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3. Re-Creation and Recreation: Barth’s Eschatological Perspective on Culture

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pp. 83-114

The difficulties posed by the application of Barth’s “true words approach” are, I have argued, due to misunderstanding the subject matter of §69 as one concerned with a theology of culture rather than a theology of the Word. The result is a theological approach to culture that, in practical application, would seek to mine culture for instances of “true words,” but Barth points to...

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4. Encounter in Freedom, Unity in Play: Barth’s Hermeneutic of Culture

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pp. 115-142

Having traced the contours of Barth’s eschatological conception of culture, this chapter turns to Barth’s treatment of particular artists in the Church Dogmatics in order to articulate the procedure or “hermeneutic of culture” he applies, which will be shown to more closely parallel his attitudes toward the use of philosophy in scriptural interpretation than his theoretical writings on “true words” in...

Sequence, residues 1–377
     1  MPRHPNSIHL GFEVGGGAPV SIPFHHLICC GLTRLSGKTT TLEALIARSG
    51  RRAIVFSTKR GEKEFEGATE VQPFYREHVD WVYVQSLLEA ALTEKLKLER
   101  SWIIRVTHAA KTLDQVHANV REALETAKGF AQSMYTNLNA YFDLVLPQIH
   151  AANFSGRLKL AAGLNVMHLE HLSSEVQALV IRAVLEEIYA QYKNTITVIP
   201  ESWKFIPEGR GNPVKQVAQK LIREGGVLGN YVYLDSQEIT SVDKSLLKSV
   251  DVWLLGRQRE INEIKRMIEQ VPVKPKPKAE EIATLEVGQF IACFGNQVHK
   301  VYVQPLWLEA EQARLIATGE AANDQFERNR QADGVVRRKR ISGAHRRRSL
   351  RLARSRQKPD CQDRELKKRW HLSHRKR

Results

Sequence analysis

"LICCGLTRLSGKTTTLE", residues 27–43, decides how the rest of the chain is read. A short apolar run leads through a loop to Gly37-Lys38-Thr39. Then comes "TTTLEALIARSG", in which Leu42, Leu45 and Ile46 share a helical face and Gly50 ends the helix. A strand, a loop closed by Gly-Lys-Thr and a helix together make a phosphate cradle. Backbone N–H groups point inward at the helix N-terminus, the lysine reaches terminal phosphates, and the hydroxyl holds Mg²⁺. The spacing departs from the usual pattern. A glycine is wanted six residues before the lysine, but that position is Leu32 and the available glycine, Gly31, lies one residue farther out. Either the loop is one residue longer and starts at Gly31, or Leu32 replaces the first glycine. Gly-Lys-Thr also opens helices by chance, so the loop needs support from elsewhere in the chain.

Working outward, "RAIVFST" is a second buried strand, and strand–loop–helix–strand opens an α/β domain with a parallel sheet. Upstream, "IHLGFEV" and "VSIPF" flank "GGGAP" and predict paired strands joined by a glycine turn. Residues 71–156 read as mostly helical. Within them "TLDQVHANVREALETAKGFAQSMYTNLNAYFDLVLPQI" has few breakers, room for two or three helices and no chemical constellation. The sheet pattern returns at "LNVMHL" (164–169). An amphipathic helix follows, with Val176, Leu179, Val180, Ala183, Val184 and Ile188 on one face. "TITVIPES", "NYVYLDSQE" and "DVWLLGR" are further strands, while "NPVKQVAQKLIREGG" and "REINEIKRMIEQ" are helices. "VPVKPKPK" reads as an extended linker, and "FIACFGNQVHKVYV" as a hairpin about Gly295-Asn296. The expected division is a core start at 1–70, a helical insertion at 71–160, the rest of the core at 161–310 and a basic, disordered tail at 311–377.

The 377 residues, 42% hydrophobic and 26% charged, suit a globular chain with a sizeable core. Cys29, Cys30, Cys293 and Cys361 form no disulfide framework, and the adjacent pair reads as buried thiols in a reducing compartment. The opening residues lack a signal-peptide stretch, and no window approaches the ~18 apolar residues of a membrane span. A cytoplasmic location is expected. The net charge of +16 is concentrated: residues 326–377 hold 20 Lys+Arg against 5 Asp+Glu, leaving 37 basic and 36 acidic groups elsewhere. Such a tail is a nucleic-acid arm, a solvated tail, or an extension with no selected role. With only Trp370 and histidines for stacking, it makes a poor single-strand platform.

Part II. Toward a Barthian Theology of Popular Culture

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pp. 143-144

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5. Affirmation or Abomination: Barth and Popular Entertainment

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pp. 145-178

Having relocated Barth’s theology of culture in his pneumatological eschatology, this chapter will demonstrate that there is room in Barth’s theology for an appreciation of popular culture through his conception of relaxation as the necessary limit of all human work as this relates to his eschatological understanding of play and release. Barth’s discussion of “honest work,” which...